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Jul 23, 2019

Visualising Compelling and Powerful Messages on Refugees and Displacement through Short Impact Documentaries

by Patrick Hazard

Norwegian Refugee Council/London International Documentary Festival and SOAS jointly host a one day workshop on:

Visualising Compelling and Powerful Messages on Refugees and Displacement through Short Impact Documentaries


Based on figures released in June 2018 by the United Nations High Commissioner for Refugees (UNHCR), by the end of 2017, an unprecedented 68.5 million have forcibly left their homes with at least 25.4 million having left their country of birth and therefore considered refugees. Over recent years, the ongoing refugee crisis in Europe has, in particular, generated attention among the public and in general, sources of information are predominantly derived from local and national media and campaigns. There are many displacement situations around the world that receive more coverage and awareness than others. In addition, protracted displacement which involves those who have sought refuge in host countries for decades can slip off the list of attention and become neglected.

NGOs and other international organisations involved in providing response and services to refugees and displaced populations are increasingly turning to visual products to bring the issues to the forefront, promote their work and share powerful and compelling messages across to various target audiences on a wide scale.  However, the direct voices of refugees themselves are not always easily or readily accessible often enough.

This challenge is recognised by organisations involved, particularly those on the ground who are in regular contact with displaced populations.  They witness first-hand the hardships refugees endure as well as the heartwarming, success stories encountered.  Such content needs to be developed into engaging visual products for widespread awareness raising among the general public, influencers, decision and policy makers.  Acknowledgment of this fact has therefore further raised demand for video and film production within the humanitarian and development sector.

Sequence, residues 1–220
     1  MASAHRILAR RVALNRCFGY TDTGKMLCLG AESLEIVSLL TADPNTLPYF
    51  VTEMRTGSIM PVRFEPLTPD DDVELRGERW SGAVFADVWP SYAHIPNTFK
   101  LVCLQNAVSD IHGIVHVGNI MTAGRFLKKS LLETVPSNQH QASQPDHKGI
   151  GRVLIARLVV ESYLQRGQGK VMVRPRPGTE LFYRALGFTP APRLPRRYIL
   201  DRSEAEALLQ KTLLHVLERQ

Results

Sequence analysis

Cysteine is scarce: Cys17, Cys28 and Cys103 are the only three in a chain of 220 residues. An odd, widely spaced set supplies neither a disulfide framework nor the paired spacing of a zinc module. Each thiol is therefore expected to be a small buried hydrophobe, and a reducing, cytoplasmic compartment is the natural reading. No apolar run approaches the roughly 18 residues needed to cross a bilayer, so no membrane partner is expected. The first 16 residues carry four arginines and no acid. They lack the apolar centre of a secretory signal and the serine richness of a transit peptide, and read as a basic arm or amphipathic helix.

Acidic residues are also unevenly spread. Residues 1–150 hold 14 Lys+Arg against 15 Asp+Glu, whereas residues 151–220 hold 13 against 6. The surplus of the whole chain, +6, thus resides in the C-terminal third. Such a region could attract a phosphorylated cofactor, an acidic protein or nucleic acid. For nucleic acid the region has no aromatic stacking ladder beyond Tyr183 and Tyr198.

At the same time, it is crucial to consider that film production can be highly costly and time intensive. Therefore engagement with and commissioning documentary producers and film makers requires well-thought through planning with a clear pathway from A to Z of the processes.  Sharp and key messages need to be adequately – and powerfully – translated onto the screen and into the hearts and minds of their audiences. New technology and democratised access to digital media have also impacted strategies that seek to heighten global awareness of refugee related issues. Such tools are integral to efforts seeking to inspire empathy, political engagement, social activism, donor funding and charitable giving.

Documentary film production for humanitarian and development actors therefore consists of two main objectives:

It can educate and raise awareness like few other forms of media, also serving as an evidence-based resource.

Through targeted content creation and messaging – in both feature and short films – and through the high viewership  it seeks to reach, it significantly contributes towards mobilising engagement, empathy and understanding as well as grassroots influence towards inspiring changes in perception and action.

The one day workshop will address the following issues:

  • Refugees in host countries; with a focus on Afghan refugees in Iran
  • Working with children – ethics, protection risks and security
  • Social impact documentary films
  • The working relationship between NGOs and filmmakers
  • Strategic planning and outreach for audience engagement
  • Impact measurement and empirical analysis


1. Raising awareness of key stakeholders – policy makers; donors and other actors from the humanitarian and development sector and the general public in the UK about:

  • The critical importance of providing essential services such as access to education for displaced children and best practice examples;
  • Voices from the displaced.

2. Enabling exchanges and discussions on the role of visualisation tools – such as video production that organisations can use to share information on the plight of refugees (how it can enable organisations to bring displaced/refugees’ voices to the forefront).

3. Examine experiences and best practice for ‘impact documentaries’ with particular attention to strategic planning, social media strategy, and impact assessment.

Norwegian Refugee Council (NRC)

The Norwegian Refugee Council (NRC) is an independent humanitarian organisation helping people forced to flee.  With headquarters in Oslo, Norway they work in 32 countries where they help save lives and rebuild futures.  NRC has been present in Iran since 2012 and implements projects in nine provinces.  Through their solid technical expertise and specific sectorial knowledge in education, shelter, water, sanitation and hygiene, information, counselling and legal assistance, livelihoods and food security, they provide assistance to an increasing number of displaced Afghans in Iran and their host communities.  In 2018, their projects reached 74,834 individuals.


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